The firm does a general merchandise business and their store is the largest and oldest established in Olin. It enjoys a splendid patronage from a wide territory about Olin. The firm owns the splendid building they occupy, a brick structure, forty by eighty feet, which was built in 1892. Mr. Lamb also owns the old home farm of three hundred and fifty acres where he was born and which he helped to operate during his younger days.
In 1878 Mr. Lamb married Margaret Halsey, who was born near Oswego, New York, in 1857, a daughter of George W. and Caroline (Dickinson) Halsey, the latter of whom was cousin of Secretary Dickinson of President Cleveland's cabinet. The Halsey family is one of the oldest of America's colonial families and is descended from a long and honorable line of ancestors in this country and England. The first to come to America was Thomas Halsey as early as 1637 and all the American Halseys are descended from him. Among the colonial records of New York are the names of Halseys who took a prominent part in the French and Indian wars, while in the Revolution others served. In the wars of 1812 and 1848 were several Halseys and many a "forty-niner" were of this family. In the Civil war many of the name fought, bled and died, one being Frank N. Halsey, an uncle of Mrs. Lamb, who lost his life at Gettysburg. In civil life also many of the Halseys have served the public, some as members of congress, many as state legislators and a greater number as county officials. Mrs. Lamb's parents came to Wyoming, Iowa, at an early day bringing her with them. Mr. and Mrs. K. T. Lamb became the parents of four children: Jessie, who is the wife of Earl Mills, of Des Moines; Frances, who is the wife of Allen Metcalf, of Cedar Rapids; Helen, who is the wife of M. H Crissman, of Olin; and Roscoe, who is junior member of the firm.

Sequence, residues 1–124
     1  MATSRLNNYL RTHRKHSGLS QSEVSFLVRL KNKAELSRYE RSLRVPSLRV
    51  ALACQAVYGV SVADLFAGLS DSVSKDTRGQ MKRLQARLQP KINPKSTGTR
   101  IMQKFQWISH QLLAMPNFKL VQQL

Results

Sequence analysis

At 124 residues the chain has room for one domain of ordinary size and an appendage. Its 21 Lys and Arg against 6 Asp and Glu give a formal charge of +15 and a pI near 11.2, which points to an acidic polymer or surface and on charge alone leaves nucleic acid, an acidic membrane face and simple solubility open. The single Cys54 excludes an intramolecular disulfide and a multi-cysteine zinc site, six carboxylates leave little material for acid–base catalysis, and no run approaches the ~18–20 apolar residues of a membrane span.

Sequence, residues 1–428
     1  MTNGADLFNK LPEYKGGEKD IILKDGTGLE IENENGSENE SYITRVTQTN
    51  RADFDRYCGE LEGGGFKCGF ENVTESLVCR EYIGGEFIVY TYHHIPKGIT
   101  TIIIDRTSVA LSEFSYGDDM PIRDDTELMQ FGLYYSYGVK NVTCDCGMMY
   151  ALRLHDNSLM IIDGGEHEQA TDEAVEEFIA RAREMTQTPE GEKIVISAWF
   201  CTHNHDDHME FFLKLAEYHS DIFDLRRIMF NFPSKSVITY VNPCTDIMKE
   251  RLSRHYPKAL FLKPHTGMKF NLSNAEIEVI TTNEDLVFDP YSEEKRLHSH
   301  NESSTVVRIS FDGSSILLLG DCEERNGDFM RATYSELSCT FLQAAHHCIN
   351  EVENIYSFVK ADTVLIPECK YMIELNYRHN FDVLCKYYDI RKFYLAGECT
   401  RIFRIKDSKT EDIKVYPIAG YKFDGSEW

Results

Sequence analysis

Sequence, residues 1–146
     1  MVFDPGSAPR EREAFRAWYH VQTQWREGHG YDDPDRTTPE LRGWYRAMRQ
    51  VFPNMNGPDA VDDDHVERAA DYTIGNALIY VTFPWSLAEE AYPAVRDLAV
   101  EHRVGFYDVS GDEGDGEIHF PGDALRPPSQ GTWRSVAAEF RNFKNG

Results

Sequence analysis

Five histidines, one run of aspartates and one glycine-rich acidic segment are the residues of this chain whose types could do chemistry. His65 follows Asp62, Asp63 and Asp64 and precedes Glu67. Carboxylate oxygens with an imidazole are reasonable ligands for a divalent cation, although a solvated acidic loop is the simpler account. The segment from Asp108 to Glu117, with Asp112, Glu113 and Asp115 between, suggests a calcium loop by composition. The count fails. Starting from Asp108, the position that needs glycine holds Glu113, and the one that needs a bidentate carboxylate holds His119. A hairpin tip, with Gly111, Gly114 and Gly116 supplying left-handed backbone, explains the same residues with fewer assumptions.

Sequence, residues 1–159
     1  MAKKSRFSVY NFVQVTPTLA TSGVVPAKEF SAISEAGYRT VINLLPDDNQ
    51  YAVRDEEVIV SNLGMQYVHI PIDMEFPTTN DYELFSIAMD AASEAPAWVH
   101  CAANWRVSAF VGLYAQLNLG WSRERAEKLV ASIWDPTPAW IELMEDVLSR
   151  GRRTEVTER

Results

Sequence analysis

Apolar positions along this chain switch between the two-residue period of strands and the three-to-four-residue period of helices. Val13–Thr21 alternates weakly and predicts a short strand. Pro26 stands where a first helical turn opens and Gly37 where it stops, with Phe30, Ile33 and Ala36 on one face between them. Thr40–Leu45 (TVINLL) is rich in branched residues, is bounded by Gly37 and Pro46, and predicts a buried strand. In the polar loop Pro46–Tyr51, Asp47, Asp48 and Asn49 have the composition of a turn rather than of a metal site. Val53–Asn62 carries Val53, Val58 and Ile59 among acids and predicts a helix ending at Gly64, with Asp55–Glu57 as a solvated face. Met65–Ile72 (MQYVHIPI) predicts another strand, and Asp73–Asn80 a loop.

Mr. Lamb takes an active interest in politics, being an ardent republican and having held numerous school and township offices. A member of the Methodist church he has ever been faithful in his support of it and is now one of its trustees. Since 1885 he has been a Mason, belonging to Ancient Landmark Lodge, No. 200. He is chairman of the committee on lodges under dispensation, which makes him a member of the Grand Lodge of Iowa. He is also a member of Des Moines Consistory, No. 3, and El Kahir Temple of the Mystic Shrine, at Cedar Rapids, Iowa.
Mr. Lamb is a good business man, far-seeing and quick to take advantage of offered opportunities, and yet he is a man on whose integrity there has never rested the slightest stain. Ever ready to advance the welfare of his city, a devoted family man, proud of his children and the business ability of his only son, stanch in the support of his party and church, a loyal and indefatigable worker for his fraternity, he sets an excellent example for others to follow as a representative American of the smaller cities of the middle west.
Source: History of Jones County, Iowa, Past and Present, R. M. Corbitt, S. J. Clarke, Western Publishing Co., Chicago, 1910, p. 312.